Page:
Transylvania alumna teaching high school French

Félicitations! Transylvania alumna wins statewide award for excellence in teaching French

by John Friedlein, photos by Heiraelle Osborne

Lydia Wilson Kohler got her passion for French from her dad, who studied it in school and used to sing her little songs like “Frère Jacques.”

Now she’s passing along her enthusiasm to French students at George Rogers Clark High School in Winchester, Kentucky — in a way that’s drawing acclaim.

Kohler, who graduated from Transylvania University in 2001, recently received this year’s Outstanding Teacher of the Year Award from the Kentucky World Language Association.

“French culture and language are worth knowing about,” said Kohler, whose commitment to excellence in teaching French was noted by the KWLA.

“Her passion for Francophone language and culture and her ability to create a stimulating and engaging learning environment make her an outstanding teacher,” the organization said. She gives her students an “opportunity to witness the language in action” and “deepen their understanding of French history, culture and traditions firsthand.”

Her passion for Francophone language and culture and her ability to create a stimulating and engaging learning environment make her an outstanding teacher.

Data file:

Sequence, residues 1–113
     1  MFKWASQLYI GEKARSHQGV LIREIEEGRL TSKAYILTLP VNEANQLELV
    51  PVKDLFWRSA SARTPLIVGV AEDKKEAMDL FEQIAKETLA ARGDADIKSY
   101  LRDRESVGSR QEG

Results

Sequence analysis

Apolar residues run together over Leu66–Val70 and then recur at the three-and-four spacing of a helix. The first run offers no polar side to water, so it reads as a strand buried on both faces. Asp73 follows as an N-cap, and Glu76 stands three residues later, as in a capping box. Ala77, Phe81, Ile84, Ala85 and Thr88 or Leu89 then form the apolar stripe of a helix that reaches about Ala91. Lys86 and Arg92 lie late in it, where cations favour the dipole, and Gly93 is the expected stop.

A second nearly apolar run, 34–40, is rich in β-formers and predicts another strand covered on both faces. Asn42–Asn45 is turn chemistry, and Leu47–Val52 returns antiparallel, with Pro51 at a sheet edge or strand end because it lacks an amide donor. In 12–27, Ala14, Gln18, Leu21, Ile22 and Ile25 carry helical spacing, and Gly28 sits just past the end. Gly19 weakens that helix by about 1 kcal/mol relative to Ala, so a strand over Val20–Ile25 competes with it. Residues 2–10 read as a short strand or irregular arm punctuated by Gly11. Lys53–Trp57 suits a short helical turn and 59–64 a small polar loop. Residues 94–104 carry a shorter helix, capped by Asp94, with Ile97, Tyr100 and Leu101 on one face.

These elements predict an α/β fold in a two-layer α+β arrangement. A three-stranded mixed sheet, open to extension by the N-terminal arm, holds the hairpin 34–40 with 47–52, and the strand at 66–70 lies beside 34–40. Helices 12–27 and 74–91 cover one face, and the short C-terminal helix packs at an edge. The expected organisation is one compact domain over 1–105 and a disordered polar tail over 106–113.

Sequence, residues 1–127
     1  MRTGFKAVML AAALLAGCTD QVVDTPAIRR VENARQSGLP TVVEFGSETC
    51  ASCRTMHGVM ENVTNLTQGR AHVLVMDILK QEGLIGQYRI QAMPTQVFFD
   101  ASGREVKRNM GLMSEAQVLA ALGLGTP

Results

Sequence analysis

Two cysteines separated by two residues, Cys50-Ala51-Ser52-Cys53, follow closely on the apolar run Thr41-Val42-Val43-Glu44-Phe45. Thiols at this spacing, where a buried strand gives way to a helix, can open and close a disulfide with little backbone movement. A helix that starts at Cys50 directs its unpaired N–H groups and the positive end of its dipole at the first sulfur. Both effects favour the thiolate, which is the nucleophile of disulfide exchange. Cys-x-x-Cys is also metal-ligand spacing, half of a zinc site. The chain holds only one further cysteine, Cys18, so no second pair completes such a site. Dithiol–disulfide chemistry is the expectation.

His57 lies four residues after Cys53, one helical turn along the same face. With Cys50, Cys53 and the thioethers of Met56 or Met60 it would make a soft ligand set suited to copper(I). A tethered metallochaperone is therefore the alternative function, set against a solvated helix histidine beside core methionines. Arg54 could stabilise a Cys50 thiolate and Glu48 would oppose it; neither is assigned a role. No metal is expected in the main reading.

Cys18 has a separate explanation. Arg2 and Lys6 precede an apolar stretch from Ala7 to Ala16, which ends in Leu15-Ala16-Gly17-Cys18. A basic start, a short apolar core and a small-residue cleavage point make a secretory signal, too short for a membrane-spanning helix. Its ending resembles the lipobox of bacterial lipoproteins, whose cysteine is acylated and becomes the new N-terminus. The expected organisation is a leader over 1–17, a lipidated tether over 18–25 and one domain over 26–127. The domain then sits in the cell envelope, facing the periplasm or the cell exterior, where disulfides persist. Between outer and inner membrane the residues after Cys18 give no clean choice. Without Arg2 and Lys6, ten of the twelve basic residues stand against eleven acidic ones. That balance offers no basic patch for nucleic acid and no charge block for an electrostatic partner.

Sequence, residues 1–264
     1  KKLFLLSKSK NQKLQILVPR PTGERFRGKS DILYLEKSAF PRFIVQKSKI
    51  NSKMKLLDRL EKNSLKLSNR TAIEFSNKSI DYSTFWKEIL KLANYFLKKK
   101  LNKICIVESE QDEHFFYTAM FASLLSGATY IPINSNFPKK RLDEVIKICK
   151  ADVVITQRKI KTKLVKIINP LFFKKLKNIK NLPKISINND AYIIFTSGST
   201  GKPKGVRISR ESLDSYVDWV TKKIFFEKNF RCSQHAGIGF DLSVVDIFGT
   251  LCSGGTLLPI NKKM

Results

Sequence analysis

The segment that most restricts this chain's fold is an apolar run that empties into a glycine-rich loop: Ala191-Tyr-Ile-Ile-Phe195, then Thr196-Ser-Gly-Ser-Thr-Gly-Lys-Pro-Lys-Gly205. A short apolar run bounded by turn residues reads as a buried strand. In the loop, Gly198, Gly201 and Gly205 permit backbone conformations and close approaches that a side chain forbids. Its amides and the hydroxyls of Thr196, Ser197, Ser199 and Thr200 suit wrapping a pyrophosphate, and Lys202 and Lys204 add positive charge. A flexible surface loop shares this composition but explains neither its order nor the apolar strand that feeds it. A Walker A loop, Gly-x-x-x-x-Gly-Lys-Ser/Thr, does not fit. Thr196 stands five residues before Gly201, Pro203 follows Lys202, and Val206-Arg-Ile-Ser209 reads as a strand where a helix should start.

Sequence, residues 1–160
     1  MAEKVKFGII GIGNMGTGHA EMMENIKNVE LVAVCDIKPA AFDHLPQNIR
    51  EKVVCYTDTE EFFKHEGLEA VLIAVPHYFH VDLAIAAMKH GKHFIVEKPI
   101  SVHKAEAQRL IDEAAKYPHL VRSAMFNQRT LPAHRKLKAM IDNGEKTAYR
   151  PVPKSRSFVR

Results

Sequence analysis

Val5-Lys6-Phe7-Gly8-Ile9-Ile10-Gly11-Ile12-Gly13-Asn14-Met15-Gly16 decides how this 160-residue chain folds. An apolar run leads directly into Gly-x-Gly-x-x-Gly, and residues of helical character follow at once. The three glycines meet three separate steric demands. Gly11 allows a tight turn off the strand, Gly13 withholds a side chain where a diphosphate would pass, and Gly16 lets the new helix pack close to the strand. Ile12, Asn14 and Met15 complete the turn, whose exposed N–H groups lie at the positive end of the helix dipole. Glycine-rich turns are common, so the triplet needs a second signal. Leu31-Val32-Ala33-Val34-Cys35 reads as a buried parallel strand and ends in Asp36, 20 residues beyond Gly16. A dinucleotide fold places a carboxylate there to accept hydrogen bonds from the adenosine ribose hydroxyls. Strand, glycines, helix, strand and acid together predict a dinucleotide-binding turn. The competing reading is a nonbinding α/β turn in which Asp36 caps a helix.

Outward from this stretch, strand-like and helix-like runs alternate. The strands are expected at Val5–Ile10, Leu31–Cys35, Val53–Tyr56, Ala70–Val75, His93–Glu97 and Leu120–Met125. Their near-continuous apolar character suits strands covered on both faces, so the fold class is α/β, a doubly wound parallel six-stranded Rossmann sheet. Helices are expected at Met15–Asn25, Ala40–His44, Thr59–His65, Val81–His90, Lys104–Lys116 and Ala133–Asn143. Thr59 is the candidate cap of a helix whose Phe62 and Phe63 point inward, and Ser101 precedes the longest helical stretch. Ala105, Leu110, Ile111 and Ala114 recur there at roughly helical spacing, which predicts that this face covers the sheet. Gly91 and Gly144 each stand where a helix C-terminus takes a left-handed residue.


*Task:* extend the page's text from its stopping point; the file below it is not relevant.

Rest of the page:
Kentucky World Language Association

After her initial exposure to the language from her father, her high school French teacher Lesia Eldridge gave her the self-assurance to pursue it as a profession. Eldridge even took Kohler to some master’s level classes at Morehead State University before she was even an undergraduate — and she was able to keep up. “There was something there, and she saw it, developed it and gave me confidence.”

Once at Transylvania, Kohler doubled-majored in French language and literature plus education. Looking back at her undergraduate years, she appreciates what she learned both in the classes directly related to her current job and beyond — from education professor Angela Hurley’s advice on how to be present and listen to students (“like a cow”) to making pottery with professor Dan Selter to touring abroad with Gary Anderson’s choir. She said her entire experience at Transylvania affects her every day.

Kohler went right into teaching after graduation (before taking a year off as a Rotary Ambassadorial scholar in Avignon, France). After the first week in her own classroom, she remembers thinking, “I can’t believe they’re paying me to do this. This is so fun.”

I can’t believe they’re paying me to do this. This is so fun.

Lydia Kohler

While enjoyable, the job called for a certain amount of self-reliance because of the nature of her subject. She was the only French teacher at the school where she started in rural Falmouth, Kentucky. “I was the French program,” she said. “I knew what it was like to paddle my own canoe.” 

Kohler, who’s also the lone French teacher at GRCHS, has drawn support from the same group that gave her the recent award. Attending KWLA conferences and other events helped her develop as a teacher. “All of a sudden you’re around people who understand what you can do and give you great ideas about things.”